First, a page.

The goal of the class is transformation--of heart, spirit, mind, and practice. Obviously, in eight weeks, all we can do is attempt to kindle desire, plant seed, and hope that the process begun may continue as a life journey (as it has, and continues to be, for us). For our next Session (Session 4), we hope to devote the first half of the class soliciting you for reflections, questions, and pertinent quotes that provoked you from the chapters you've read to the date and get us to some of the meat of what the EA process is about. So please come prepared to share and/or ask questions. And please try your best to arrive on time. For the second half of the class, we will plan on doing breakout groups of about 4 people to a group for the two activities (20 min. total, 4-5 minutes each), then 20-25 for plenary sharing. So here's our tentative plan: 45 min.--Class discussion of EA chapters to date 20 min.--Breakout Groups (for the two Activities) 25 min.--Plenary Sharing Here are slightly revised instructions for the two assigned activities:
Session 4: Grounding Ourselves in Place
Assigned Readings: 1. Ch. 7, Where am I? Ethnoautobiography as Gateway to Place, pp. 195-219. 2. Ch. 8, Connecting Nature, Self and History, pp. 221-235. 3. Ch. 9, History—Memory and Imagination, pp. 237-252.
Activities: 1. Researching the Native History under Your Feet (2-3 minute oral presentation) · Read EA Chapter 7/EA as Gateway to Place. Note any thoughts or ideas that resonated with you. · Google “Native history of Wayne or Macomb or Oakland County, or just Southeast Michigan (depending on where you live)” and click on a few of the links to see what they say about the subject. · Record your observations including what you found interesting about the information supplied by the particular website. Include in your report a selected quote from any of the assigned chapters.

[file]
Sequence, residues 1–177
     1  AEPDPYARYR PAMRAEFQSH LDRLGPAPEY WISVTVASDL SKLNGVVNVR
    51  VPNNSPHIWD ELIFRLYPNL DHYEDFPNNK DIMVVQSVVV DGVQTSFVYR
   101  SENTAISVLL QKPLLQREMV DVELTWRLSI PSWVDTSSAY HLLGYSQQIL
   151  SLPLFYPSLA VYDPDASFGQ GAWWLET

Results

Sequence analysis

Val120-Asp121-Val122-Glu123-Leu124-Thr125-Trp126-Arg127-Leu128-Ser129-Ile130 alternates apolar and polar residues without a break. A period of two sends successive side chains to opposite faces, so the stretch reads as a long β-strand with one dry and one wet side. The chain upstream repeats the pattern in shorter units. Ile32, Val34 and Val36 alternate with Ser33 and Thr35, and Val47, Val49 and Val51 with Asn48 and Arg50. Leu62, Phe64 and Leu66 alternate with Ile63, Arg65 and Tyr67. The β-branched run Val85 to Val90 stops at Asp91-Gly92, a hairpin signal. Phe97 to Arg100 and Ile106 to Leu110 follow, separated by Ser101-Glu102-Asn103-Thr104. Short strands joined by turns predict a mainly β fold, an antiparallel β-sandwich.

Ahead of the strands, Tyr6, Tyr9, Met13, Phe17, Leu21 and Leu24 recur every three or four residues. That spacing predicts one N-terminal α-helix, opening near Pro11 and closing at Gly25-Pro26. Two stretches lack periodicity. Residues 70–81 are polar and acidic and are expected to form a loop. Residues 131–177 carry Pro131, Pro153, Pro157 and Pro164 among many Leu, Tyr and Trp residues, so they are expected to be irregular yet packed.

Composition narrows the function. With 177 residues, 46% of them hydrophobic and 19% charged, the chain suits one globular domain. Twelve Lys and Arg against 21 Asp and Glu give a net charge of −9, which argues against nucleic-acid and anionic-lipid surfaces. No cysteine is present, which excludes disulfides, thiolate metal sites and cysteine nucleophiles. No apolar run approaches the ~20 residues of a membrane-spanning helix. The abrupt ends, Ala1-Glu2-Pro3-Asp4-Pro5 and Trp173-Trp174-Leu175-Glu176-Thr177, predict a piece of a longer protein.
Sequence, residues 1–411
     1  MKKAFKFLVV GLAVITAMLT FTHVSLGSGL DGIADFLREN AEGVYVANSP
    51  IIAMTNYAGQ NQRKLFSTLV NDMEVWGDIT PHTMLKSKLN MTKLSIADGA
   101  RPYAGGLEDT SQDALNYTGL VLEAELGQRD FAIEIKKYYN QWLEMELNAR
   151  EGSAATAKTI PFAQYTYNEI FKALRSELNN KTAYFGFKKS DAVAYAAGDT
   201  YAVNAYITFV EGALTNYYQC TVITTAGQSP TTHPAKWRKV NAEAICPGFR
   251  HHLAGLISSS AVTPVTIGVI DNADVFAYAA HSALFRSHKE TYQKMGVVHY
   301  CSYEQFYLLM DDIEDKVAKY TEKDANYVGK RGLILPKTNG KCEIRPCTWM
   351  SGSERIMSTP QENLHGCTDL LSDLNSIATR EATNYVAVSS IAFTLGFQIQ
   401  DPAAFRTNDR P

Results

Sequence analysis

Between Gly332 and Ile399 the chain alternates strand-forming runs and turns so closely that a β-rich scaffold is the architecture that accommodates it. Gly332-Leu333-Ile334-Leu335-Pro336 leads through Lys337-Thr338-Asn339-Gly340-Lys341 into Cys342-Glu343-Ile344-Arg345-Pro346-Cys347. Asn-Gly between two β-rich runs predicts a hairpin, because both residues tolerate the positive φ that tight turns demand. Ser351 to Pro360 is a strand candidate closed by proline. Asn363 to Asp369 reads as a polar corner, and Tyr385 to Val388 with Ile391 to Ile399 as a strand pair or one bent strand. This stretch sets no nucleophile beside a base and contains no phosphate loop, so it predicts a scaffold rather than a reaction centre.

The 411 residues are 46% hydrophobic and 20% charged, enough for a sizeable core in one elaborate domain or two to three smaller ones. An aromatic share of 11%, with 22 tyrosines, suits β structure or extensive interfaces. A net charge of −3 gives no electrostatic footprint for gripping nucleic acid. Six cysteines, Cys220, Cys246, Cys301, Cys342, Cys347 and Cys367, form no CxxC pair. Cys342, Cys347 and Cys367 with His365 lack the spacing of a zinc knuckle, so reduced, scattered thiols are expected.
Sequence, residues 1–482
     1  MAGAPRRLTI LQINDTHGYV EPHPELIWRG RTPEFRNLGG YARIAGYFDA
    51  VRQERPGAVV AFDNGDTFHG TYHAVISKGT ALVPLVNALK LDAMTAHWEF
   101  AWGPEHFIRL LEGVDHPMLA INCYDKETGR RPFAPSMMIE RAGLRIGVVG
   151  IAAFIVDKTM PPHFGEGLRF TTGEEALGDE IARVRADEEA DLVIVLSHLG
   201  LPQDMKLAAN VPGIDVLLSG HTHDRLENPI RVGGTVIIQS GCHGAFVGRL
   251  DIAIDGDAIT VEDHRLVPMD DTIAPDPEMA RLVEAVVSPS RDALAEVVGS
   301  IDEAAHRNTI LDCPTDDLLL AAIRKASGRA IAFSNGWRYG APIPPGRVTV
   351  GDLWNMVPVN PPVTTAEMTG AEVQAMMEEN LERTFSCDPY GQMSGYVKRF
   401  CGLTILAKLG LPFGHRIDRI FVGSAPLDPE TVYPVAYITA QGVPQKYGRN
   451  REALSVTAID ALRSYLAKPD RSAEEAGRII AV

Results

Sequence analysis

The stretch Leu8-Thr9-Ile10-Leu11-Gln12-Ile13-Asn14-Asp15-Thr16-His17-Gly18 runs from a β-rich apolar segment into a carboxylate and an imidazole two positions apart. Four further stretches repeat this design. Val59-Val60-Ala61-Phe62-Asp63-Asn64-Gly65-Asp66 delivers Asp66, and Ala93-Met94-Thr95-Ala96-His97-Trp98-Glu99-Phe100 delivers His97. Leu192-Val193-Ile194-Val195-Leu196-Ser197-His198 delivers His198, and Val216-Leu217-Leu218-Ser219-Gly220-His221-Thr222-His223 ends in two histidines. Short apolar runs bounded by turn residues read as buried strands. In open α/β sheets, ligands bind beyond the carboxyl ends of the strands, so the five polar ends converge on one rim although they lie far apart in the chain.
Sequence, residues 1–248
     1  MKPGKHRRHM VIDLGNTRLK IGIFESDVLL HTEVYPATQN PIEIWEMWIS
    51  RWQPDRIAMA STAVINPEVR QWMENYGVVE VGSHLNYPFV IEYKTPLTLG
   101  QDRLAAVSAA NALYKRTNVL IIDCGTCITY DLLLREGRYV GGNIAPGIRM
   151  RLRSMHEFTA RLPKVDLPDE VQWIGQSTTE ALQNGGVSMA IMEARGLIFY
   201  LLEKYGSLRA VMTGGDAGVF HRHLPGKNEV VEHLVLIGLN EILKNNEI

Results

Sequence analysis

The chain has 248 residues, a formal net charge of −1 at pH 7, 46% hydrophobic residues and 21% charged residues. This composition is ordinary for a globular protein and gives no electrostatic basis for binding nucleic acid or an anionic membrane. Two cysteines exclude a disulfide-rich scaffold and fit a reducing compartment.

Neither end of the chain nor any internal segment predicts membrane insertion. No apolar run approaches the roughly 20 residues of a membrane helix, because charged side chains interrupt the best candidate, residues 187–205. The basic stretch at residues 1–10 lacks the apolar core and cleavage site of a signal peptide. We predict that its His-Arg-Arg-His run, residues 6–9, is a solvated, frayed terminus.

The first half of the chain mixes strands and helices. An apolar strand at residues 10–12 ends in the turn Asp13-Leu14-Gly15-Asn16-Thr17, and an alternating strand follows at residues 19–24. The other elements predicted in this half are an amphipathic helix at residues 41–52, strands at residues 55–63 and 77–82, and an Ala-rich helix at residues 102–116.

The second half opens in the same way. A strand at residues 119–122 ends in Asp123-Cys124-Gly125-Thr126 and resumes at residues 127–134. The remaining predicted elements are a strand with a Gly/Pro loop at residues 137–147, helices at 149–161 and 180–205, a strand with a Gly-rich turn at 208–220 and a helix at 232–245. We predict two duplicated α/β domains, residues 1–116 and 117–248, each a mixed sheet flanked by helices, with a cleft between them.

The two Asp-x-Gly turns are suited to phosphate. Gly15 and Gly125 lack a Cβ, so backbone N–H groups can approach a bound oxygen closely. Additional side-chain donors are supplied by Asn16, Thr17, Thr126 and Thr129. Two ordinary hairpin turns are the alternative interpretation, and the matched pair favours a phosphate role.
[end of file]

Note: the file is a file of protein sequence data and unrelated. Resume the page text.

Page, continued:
2. Go to a Place in Nature
· Read EA Ch. 8/Connecting Nature, Self, History, pp. 221-235. Note any thought, quote, or idea that resonated with you. · Pick a place that feels comfortable to you but one that is not too familiar (e.g., don’t choose your backyard (or, for that matter, your frontyard!!! You may go to places close to an urban area or something remote. It doesn't matter. You can even choose a natural place within a city. · Spend at least 30 minutes being in the place. Find a place where you can comfortably hang out, quiet yourself, and sit. If it would feel safer to you to have somebody nearby, take a friend or partner. In this case, once you have selected your spot, make an agreement not to talk to each other for at least 30 minutes and not to intrude upon each other's space. Turn off all electronic devices. · As you sit, develop a sense of the place. See who all is there - trees? flowers? birds? butterflies? humans? What are the smells? What are the sounds? Do your best to immerse yourself. · Once you have a little bit of a sense of immersion or sinking into the place, imagine yourself backward through time. What was this place like 10 years ago? 20? 50? 100 years ago? 500 years ago? See if you can transport yourself back through time. · Using your imagination, perform an ethno-accounting: what was gained and what was lost by the changes made on the landscape? Who did the changes benefit most? What were the losses? For whom? For your Oral Presentation: · Describe your experience of projecting yourself back through time and what you learned using the ethnoautobiographical insights we’ve been covering so far and, particularly, those in the assigned chapter. · Share what you understand by the term “ethno-accounting.” What is its importance in the way you might walk differently (or move through places) in the world?
Note: We find that writing out your sharing allows for more critical reflection and beautiful (less casual) story-sharing, that is, until eloquence seeps naturally into our everyday oral communication the way our ancient ancestors naturally were used to. Looking forward to seeing you all this Thursday!